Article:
Sunday, 30 September 2018

Bloody Scotland 2018

I can't believe it's already been a week since Bloody Scotland! I think it's taken me this long to recover, hence I'm only just getting round to posting about it now! This is really an excuse to share my photos - although they 're not that good, apart from the first two which I borrowed from the lovely Kelly Lacey, which are fab.

The Gala Opening of Bloody Scotland 2018 was held in the beautiful Church of the Holy Rude, where we drank Bloody Scotland gin cocktails and learned that Liam McIlvanney was the worthy winner of this year's Bloody Scotland McIlvanney Prize for his novel The Quaker.

After that, we headed up to Stirling Castle to start the torchlight procession down to the Albert Halls. This is one of my favourite parts of the weekend, such a great atmosphere.

After getting something to eat, we headed back to the Albert Halls to hear a two hour set from the fabulous Fun Lovin' Crime Writers, the band comprising Val McDermid, Mark Billingham, Chris Brookmyre, Stuart Neville, Luca Veste and Doug Johnstone. An excellent way to spend a Friday evening, and Luca doing Britney was a  particular highlight!

After an easy Saturday morning, I went to hear Frank Gardner talk about Ultimatum, the second book in his Luke Carlton trilogy. Always an engaging speaker, Frank entertained a packed house with book talk and politics.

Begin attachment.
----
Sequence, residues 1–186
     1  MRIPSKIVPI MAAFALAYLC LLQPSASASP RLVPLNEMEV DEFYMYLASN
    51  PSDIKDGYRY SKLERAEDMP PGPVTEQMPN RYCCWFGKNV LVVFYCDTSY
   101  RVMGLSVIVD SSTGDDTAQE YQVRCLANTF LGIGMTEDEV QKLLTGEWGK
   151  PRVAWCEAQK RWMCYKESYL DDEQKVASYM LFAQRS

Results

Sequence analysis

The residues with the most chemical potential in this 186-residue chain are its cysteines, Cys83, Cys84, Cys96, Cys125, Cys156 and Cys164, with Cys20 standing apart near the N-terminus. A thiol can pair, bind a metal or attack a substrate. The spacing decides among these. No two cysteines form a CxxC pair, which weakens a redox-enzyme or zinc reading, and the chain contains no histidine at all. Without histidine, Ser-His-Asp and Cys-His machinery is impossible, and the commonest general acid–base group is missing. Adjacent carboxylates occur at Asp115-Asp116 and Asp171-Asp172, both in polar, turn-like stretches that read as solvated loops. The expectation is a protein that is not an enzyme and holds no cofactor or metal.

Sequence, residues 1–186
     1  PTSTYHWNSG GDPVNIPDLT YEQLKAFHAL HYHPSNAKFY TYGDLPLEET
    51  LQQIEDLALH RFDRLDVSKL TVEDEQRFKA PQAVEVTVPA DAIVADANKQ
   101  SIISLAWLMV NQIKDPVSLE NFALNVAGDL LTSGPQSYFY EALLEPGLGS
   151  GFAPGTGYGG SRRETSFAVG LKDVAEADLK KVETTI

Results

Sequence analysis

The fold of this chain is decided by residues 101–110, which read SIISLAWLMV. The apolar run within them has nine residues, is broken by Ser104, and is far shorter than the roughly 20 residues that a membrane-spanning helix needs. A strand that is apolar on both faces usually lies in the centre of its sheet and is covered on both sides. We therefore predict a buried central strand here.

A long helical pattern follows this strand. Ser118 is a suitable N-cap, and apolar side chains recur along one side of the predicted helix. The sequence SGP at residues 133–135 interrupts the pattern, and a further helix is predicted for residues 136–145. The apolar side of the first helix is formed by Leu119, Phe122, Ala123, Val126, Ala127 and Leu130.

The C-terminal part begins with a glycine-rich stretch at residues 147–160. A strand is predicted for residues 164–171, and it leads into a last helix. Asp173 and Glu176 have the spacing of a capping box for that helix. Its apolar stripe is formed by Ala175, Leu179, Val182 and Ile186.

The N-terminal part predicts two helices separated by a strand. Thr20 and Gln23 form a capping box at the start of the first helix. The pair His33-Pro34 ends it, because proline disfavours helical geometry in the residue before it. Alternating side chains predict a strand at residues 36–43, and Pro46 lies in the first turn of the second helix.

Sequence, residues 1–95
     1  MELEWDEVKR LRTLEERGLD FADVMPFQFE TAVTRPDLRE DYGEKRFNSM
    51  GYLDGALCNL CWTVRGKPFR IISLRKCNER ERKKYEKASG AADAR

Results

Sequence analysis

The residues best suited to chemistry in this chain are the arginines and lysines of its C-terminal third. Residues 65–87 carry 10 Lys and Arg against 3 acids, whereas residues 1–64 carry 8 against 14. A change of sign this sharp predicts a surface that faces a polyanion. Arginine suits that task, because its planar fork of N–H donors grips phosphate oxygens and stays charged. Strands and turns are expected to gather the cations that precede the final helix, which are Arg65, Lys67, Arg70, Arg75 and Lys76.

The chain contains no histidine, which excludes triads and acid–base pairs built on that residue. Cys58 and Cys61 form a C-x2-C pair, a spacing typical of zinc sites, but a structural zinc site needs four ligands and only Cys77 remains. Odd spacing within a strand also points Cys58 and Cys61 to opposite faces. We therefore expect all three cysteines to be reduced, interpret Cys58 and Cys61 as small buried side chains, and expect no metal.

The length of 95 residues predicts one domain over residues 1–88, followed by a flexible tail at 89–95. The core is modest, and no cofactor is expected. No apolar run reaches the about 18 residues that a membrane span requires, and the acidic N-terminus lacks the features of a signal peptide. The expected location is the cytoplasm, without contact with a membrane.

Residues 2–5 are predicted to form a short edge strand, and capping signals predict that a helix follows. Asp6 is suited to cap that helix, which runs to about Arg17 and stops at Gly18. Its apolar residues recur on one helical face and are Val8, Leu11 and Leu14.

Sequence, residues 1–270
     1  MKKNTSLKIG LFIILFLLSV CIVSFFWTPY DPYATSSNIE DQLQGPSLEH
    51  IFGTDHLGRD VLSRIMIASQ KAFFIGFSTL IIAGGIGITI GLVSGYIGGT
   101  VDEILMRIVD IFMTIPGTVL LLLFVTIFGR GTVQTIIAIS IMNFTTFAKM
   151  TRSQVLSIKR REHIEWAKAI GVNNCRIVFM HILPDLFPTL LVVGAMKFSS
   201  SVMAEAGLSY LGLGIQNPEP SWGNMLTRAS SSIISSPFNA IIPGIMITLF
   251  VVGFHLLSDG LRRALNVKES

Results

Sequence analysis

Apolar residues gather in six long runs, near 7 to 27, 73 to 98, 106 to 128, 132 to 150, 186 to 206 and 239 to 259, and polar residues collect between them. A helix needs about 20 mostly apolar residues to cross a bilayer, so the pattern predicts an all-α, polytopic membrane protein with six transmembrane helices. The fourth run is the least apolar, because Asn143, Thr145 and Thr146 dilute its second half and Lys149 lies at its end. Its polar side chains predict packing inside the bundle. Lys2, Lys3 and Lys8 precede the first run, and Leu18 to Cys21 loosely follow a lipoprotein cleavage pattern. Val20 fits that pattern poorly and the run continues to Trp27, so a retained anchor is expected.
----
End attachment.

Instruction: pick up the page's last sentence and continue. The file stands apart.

From there, it was back up the hill to the Cowane Hospital Grounds for the annual Scotland vs. England crime writers football match. Typically, this was the only time it rained in the whole weekend. But it didn't last long, and we soon forgot about it with more cocktails from the Stirling Gin pop up bar. Oh, and the football, of course! The final score, and I'll say it quietly, was England 6, Scotland 3.

Back down Spittal Street and into town (my step count for the weekend was brilliant!) for Michael J Malone's pop up launch of his new book, After He Died. And the sun shone for it.

A wee coffee and cake with lovely crime writer Caro Ramsay, her husband Alan, my bestie Pam and the fabulous Doug Sinclair, who is just finishing his first book. And the Loving Food cafe was gorgeous!

Then an evening of back to back events, starting with 'Local Crimes for Local People' with Margaret Kirk, Hania Allen, Neil Broadfoot and Charles E McGarry. These authors have chosen to set the books outside of Edinburgh and Glasgow - in the case of Neil Broadfoot's No Man's Land in Stirling itself - and they talked about the reasons behind that, their inspiration, writing habits and planning, or lack of in the case of Neil!

Gorgeous and talented Neil Broadfoot

After that, the 'Come Hell or High Concept' panel with Gordon Brown, Will Carver and Doug Johnstone, and admirably chaired by Jacky Collins, who had stepped in at the very last minute. This was a really fun panel, with lots of laughter, but at the end of it, none of us, authors included, knew what high concept meant! But all the books featured sound fab, so perhaps when I've read them, I'll have a better idea!